2. Speaking of that guy from the band named for head protection…I dunno if you’ve ever picked up some of the Band of Susans stuff he played on but it’s pretty good. I got BoS “Peel Sessions” from the library and it’s pretty apparent he was a major part of their sound.

    Chavez

    December 21, 2008 at 3:27 pm

  3. Very interesting and fair assessments…I would love to see you explore the intended-audience thing. I really think, as you’ve begun to deduce, it is more the realm of the marketing department than the band itself. And men have the hardest time crossing the boundaries. Well…American ones do, anyway.

    It’s rather offensive how the seal of approval from women (young especially, but all ages) is often the kiss of death for a band’s credibility, or at least a serious obstacle. Outrageous.

    I have to be honest, as a 29 year old woman with deep and varied taste in music (tending rock and “indie” but all over the place, with a strong anti-pop bent in my now-distant past), I became VERY burnt out on the hipster indie monotony over the past number of years…and long story short, the Jonas Brothers were far and away my favorite band this year, and my first favorite band after a dry spell of several. I dare say they come off better in person. It is a shame their audience is largely too young to appreciate this and others are put off by the many superficial aspects of the band getting them labelled creepy.

    Not to say there are never moments in their music that make me cringe (tho as a girl I am less averse to some of the sappier stuff – love Lovebug) but there is little music about which I can say that, and the rocked up bits more than make up for it. I would even argue they’re not always that fluffy – just not describing terribly negative behavior or the irreperable emotional damage to which modern indie lovers have become accustomed. Just another POV on life…not a less substantial one, per se.

    I find visiting with their niceboy worldview a bit more fresh and interesting than ever more disaffected drug addicts or other bored and/or self-destructive types musing about that old condition. It’s good stuff!

    lizlemon79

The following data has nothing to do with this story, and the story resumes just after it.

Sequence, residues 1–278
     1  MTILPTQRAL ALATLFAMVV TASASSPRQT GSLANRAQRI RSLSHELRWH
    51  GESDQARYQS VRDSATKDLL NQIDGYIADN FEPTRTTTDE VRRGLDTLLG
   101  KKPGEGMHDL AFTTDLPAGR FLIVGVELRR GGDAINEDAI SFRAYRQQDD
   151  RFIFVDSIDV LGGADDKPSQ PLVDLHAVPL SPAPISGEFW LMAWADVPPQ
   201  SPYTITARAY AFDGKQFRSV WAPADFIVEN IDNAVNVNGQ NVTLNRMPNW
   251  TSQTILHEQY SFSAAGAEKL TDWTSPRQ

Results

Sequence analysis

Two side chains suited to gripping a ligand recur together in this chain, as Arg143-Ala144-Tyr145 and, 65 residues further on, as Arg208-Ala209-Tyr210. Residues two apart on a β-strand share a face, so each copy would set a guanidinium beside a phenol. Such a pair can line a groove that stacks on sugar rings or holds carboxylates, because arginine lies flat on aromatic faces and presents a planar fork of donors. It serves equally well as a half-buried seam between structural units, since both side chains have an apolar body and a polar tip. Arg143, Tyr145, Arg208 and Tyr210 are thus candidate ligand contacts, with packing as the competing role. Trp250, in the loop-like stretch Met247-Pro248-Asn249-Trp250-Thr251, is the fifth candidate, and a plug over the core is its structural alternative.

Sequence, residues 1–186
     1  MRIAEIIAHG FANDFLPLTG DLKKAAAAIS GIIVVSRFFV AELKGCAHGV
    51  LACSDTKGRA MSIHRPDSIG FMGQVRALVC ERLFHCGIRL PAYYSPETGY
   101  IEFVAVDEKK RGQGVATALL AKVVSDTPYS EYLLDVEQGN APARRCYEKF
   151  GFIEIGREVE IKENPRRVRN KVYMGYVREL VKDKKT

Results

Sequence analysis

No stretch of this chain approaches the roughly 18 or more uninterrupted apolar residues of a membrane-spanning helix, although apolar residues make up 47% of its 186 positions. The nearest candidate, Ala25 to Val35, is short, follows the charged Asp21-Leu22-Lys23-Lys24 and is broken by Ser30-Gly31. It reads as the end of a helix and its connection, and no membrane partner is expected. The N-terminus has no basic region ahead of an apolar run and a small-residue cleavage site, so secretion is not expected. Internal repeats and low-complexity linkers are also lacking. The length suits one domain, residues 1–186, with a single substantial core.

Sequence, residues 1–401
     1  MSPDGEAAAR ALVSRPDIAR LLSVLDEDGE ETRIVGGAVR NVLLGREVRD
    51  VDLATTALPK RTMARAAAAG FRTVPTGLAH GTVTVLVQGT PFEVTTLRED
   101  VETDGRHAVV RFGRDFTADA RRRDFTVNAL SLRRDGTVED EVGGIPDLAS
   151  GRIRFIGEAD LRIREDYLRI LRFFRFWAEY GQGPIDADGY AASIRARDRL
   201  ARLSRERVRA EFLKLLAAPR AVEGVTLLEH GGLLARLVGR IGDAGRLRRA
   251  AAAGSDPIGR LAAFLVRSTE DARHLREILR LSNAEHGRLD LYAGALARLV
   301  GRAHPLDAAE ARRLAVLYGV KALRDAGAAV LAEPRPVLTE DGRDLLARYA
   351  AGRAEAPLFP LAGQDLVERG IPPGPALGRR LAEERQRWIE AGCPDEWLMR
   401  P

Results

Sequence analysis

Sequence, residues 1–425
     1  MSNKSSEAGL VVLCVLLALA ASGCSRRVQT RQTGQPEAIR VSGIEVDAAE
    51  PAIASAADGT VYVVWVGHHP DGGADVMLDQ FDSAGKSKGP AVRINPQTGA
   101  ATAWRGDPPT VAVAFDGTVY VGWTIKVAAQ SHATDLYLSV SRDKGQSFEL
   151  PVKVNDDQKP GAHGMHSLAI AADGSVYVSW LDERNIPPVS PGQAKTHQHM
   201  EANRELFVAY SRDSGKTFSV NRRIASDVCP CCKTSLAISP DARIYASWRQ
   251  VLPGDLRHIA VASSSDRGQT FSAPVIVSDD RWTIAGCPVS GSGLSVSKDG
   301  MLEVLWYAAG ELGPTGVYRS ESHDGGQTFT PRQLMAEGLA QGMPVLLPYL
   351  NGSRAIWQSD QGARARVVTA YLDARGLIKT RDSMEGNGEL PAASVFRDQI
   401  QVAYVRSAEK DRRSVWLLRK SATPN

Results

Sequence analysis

December 22, 2008 at 12:21 am

  4. I think the most telling thing is just how much the Jonas Brothers sound like Marvelous 3 (possibly not by design – both use pretty standard power-pop conventions that could have been picked up independently), a band that was never marketed specifically to a particular gender or age group; although the lyrics might be a tad too racy for the ‘tween audience. Minus that niche marketing, they were embraced pretty readily by power-pop lovers.

    On the other hand, the niche marketing has probably helped the Jonas Brothers, popularity-wise, far more than the lack thereof ever helped Marvelous 3.

    A lot of the same concerns arise when you consider the success of Twilight, which was, coincidentally, the subject of another article in that issue of Bitch, and, not so coincidentally, an aspect of the conversation Raina and I were having about this whole issue of intended audience.

    Dave

    December 22, 2008 at 12:18 pm

  5. I’m absolutely NOT a dancer (I think the closest I’ve come to actually doing so was getting electrocuted while wiring an electric fence to keep the cattle out of a giant ditch back home), but I love that Hot Chip album.

    And also, while I love me some Dulli and Lanegan, I have to agree that Saturnalia was way underwhelming. I think I preferred Lanegan’s second album with Isobel Campbell more than Saturnalia.

    I’m still pretty weird about the Bros. Jonas and I have absolutely NO IDEA WHY. I guess it’s due to hearing my friends/coworkers constantly harp about how much their kids absolutely adore them.

    Thanks for the heads-up on Bitch, too. I’ll check it out…and maybe that Jonas Brothers joint, too.

    Jake

    December 22, 2008 at 1:19 pm

  6. I really hate that Joe Strummer line. I might like it if it was sung by a less Springsteen-ish singer, and thus given less BIG EPIC ROCK feeling. I’ve been trying to figure out why I like DBT so much more than the Hold Steady, when they have the same basic influences, and I think it must come down to how much I hate Bruce Springsteen.

    Chris Oliver

    December 22, 2008 at 2:08 pm

  7. Note to self: Jake is human, not dancer.

    Bitch should be right up your alley, based on what I know of your tastes.

    I was similarly wary about Jonas Brothers, but I decided that it was disingenuous to write them off strictly because of relatability and the social terrain being explored in the lyrics. Even if relatability were a good reason to listen or not to listen to music, I should technically be able to relate to the romantic problems of middle-class adolescents (having been one) more than, say, the recurring problems of the duality of “The Southern Thing” (Drive-By Truckers), the crises of conscience of a black gangster (Jay-Z), or the oft-confusing gender issues of being a repeat-transvestite ex-funk star sex addict (Of Montreal, at least on the new one).

    Dave

    December 22, 2008 at 2:21 pm

  8. Yeah, I think taste for Springsteen is a pretty clear indicator as to how much anyone would like The Hold Steady.

    I tend to think of The Clash as being just as epic rock as Springsteen in their own way, though.

    Dave

    December 22, 2008 at 2:27 pm

  9. They totally are. But that “in their own way” part is key. I just don’t like Springsteen’s way. But yeah, I was struggling to find the right words to get that idea across, and I couldn’t really find them.

    Chris Oliver

    December 22, 2008 at 4:02 pm